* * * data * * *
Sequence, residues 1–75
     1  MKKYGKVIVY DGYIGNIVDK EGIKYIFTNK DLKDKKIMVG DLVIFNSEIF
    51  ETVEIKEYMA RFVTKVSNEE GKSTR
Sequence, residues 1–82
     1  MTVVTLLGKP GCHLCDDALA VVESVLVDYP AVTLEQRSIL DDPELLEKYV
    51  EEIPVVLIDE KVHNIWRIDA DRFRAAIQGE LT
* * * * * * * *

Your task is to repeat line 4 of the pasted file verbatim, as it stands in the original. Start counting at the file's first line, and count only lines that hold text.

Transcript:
Sequence, residues 1–82